Friday, August 06, 2010

On biscuit bandits

A recent news item in The Hindu carried a report on an initiative taken by the Railway Police to warn passengers against ‘biscuit bandits’ and to refrain from accepting food and drink from strangers.

Times have changed, we muse. Confidence tricksters come up with new tricks every day. We have to be constantly vigilant. The days where we could trust and hobnob freely with fellow passengers are gone, we tell ourselves.

But, if you thought that ‘biscuit banditry’ was a fairly recent phenomenon , you would be mistaken.

An account presented, to the Secretary of State for India in Council on Railways in India for the year 1859, by the Secretary, Railway Department, India Office, (equivalent of our modern-day Railway Budget), has this short report, in page 9:

In the report of Captain Portman, Superintendent of Police for the Bombay, Police cases. Baroda, and Central India Railway, illustrations are given of the various offences committed on railways in India. Two cases of dacoity are mentioned, consistingof night attacks upon stations for the sake of plunder. There is a case of robbery by a female, who administered to a fellow passenger a powerful narcotic, which she described as a " pussad," or sacred sweet, and was taken as such by her victim. She was found asleep in the carriage, deprived of her ornaments and money. Thefts and embezzlement under false declaration of goods are sometimes practised. Bags of gunpowder are despatched as groceries, and opium is smuggled in oil jars, the drug being packed between narrow receptacles for oil one passing through the middle of the jar and another just inside the covering. Opium is also sent in bags, described as containing gum, glue, &c.

So, the trick is, at least, 150 years old. The only difference is that in 1859, prasadams were used to administer drugs, while the modern-day robbers use biscuits. But, it is amazing that we still need to be warned against this modus operandi, as though this is a newly-invented trick.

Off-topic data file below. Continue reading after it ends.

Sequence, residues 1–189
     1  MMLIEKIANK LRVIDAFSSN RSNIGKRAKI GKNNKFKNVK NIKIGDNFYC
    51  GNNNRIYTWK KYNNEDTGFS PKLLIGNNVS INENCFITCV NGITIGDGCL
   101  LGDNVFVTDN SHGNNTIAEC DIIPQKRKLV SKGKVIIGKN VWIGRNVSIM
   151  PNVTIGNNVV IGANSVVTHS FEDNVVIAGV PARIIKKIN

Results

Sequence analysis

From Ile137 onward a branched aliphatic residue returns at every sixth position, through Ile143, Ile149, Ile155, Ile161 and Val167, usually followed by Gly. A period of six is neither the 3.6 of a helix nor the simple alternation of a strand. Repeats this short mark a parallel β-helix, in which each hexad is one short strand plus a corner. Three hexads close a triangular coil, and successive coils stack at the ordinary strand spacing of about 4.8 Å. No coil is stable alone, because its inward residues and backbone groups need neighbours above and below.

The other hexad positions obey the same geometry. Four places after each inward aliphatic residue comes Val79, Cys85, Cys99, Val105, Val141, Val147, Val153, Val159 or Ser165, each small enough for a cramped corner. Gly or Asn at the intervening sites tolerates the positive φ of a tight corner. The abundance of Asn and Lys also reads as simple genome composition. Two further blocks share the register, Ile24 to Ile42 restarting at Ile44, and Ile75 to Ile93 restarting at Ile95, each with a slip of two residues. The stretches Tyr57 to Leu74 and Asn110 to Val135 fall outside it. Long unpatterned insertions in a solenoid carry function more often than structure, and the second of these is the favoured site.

Ranjit.V.S said...

That's information. A similar anecdote, it seems we are mistaken to assume that not doing the mandated daily "Sandhi" by the ones who have been initiated into Brahmopadesam is a recent phenomena. My maternal grandfather way back in the 1910's was a regular, on the banks of the Cauvery at Mayavaram, for his daily Sandhi was seen and invited by the very young Sage of Kanchi passing that way and presented with a one rupee Coin (which he preserved with much devotion and was terribly upset when it was lost just before his death) to the young boy saying that he was happy to note a boy performing his daily ablutions "even in these days".

So it seems that what we think is of recent origin is often wrong!

Sathish Mayil said...

I am really surprised at how you pick up news and article these old. Is that you read so much and remember it or you get a spark and try to do some research on similar events happened years before.

Raj said...

Sathish, I go to Google Books and read books published in the period 1750-1850 and mainly pertaining to India. The British were meticulous with their notings and records. To be able to access these from the comfort of my home, without the need to rummage through the archives of a dusty library ( not that there are many in Chennai), I find quite fascinating.